In March the leader of Oxfordshire County Council, Cllr Hudspeth, wrote to campaigners explaining after talks with officials in the Ministry of Housing, Communities and Local Government (MHCLG) he understood “the cycle path reduced the business case of the bid,” which related to infrastructure for new homes, and said although he realised this was “not a good outcome for cyclists” he concluded “it’s better to get the main element of the bid rather risk nothing at all.”

Cllr Hudspeth told campaigners he believed there was a “misalignment of government departments that are discriminating against cyclists”, and wrote to Jesse Norman about it.

In the letter, sent to Norman on 20 March, Cllr Hudspeth said there “appeared to be a disconnect between our aim for improving cycling opportunities and the reality of the bid” and urged Norman to “restore cyclists’ faith in the government’s commitment to cyclists” by working with the council to fund the B4044 cycle route.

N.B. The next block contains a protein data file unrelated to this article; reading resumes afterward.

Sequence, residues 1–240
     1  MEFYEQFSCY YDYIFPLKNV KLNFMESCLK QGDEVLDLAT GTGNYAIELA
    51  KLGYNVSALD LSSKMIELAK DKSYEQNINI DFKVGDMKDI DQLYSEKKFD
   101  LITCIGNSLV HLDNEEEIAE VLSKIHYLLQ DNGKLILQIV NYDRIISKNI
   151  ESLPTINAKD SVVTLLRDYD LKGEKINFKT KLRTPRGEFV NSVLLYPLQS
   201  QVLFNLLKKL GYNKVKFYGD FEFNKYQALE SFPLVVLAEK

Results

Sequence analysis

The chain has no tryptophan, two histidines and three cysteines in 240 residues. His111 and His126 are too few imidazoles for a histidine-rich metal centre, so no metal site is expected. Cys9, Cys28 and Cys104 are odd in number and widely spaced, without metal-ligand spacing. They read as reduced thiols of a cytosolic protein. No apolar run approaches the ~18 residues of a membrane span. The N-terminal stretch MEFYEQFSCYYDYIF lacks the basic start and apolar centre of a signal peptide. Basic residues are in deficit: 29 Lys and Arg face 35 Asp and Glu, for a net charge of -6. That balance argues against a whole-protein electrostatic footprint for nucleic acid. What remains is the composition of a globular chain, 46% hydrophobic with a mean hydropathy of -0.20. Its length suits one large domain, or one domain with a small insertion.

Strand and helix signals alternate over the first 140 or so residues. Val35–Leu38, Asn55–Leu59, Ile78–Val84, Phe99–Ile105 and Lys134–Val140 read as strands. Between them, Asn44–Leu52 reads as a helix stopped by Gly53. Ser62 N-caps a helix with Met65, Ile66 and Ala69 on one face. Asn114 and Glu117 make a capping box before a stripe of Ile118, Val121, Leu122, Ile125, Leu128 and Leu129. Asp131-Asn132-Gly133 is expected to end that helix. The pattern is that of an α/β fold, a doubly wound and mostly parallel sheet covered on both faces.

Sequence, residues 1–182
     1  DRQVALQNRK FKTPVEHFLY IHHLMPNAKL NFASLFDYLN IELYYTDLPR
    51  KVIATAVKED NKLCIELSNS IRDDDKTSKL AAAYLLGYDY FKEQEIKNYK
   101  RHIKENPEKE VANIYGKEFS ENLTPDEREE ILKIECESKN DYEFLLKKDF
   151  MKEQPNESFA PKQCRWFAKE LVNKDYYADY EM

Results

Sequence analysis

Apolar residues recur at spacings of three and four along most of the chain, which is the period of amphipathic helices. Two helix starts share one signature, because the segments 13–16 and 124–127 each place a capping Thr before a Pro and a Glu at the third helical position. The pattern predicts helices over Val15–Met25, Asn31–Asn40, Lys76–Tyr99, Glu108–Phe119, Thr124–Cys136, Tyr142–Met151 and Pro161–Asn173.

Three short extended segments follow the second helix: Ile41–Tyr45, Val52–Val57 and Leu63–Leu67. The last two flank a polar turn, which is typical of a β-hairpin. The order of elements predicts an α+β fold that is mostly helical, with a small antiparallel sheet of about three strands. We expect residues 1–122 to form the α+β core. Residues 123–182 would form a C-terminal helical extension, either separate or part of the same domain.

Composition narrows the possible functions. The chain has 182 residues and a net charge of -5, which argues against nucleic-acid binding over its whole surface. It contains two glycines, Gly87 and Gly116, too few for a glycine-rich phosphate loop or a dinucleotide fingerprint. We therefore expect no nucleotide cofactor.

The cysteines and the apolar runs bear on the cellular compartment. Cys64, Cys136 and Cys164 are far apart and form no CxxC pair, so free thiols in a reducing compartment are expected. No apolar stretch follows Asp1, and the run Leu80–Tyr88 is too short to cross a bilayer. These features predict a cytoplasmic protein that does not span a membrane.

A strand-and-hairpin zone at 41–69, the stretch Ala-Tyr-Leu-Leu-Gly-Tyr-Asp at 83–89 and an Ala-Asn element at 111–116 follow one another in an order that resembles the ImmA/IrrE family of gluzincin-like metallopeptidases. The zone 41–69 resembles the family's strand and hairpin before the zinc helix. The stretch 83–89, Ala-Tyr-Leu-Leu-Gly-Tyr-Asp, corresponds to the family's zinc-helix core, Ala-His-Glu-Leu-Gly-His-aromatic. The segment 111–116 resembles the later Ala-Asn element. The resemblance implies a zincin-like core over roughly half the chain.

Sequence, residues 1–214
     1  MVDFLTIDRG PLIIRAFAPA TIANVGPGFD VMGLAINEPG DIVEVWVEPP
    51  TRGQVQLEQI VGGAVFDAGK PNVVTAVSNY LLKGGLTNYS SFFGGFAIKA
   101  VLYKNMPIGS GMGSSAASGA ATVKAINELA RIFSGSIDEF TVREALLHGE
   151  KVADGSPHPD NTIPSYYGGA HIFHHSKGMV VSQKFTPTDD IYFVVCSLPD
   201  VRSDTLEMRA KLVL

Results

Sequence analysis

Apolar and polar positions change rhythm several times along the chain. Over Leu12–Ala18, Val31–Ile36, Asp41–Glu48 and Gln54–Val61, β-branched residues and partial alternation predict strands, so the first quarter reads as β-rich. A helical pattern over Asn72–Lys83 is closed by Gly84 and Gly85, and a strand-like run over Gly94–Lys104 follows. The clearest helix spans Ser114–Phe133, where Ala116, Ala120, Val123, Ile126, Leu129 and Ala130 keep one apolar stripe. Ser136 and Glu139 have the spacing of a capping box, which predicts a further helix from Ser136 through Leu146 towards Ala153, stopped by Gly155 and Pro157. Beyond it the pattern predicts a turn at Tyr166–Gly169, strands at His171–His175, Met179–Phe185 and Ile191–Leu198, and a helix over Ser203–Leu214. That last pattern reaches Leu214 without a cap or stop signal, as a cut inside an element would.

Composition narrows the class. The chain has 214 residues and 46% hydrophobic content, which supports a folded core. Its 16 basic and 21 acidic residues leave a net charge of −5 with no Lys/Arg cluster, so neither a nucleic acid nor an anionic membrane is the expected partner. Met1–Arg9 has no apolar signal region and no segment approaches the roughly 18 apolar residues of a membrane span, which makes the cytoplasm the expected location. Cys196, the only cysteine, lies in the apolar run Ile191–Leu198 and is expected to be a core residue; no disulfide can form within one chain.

However, in a letter dated 24 April, Jesse Norman told Cllr Hudspeth he had spoken with the department and said “cycling and walking and other forms of green infrastructure do fall within the scope of the fund”, adding “there was no intention to advise on removing this specific proposal from the bid on the basis that it was an active travel scheme”, and saying government advisors don’t advise bidders on what to include in their applications.

The Housing Infrastructure Fund, Norman said, is intended to “support physical infrastructure that can be shown clearly to unlock and maximise the delivery of new homes”.

Councillor in tears over death of well-loved postman